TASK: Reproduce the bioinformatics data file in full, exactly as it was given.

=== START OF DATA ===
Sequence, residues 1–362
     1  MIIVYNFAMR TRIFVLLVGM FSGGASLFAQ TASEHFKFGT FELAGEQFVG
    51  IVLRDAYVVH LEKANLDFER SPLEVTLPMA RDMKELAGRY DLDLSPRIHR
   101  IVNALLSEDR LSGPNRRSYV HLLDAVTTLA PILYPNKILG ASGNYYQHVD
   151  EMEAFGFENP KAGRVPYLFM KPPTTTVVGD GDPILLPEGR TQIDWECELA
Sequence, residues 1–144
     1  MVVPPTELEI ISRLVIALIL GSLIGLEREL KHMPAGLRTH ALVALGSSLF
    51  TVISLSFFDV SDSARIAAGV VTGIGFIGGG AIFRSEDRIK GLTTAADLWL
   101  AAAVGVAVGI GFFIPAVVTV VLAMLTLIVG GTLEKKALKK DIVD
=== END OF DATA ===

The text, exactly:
Sequence, residues 1–362
     1  MIIVYNFAMR TRIFVLLVGM FSGGASLFAQ TASEHFKFGT FELAGEQFVG
    51  IVLRDAYVVH LEKANLDFER SPLEVTLPMA RDMKELAGRY DLDLSPRIHR
   101  IVNALLSEDR LSGPNRRSYV HLLDAVTTLA PILYPNKILG ASGNYYQHVD
   151  EMEAFGFENP KAGRVPYLFM KPPTTTVVGD GDPILLPEGR TQIDWECELA
Sequence, residues 1–144
     1  MVVPPTELEI ISRLVIALIL GSLIGLEREL KHMPAGLRTH ALVALGSSLF
    51  TVISLSFFDV SDSARIAAGV VTGIGFIGGG AIFRSEDRIK GLTTAADLWL
   101  AAAVGVAVGI GFFIPAVVTV VLAMLTLIVG GTLEKKALKK DIVD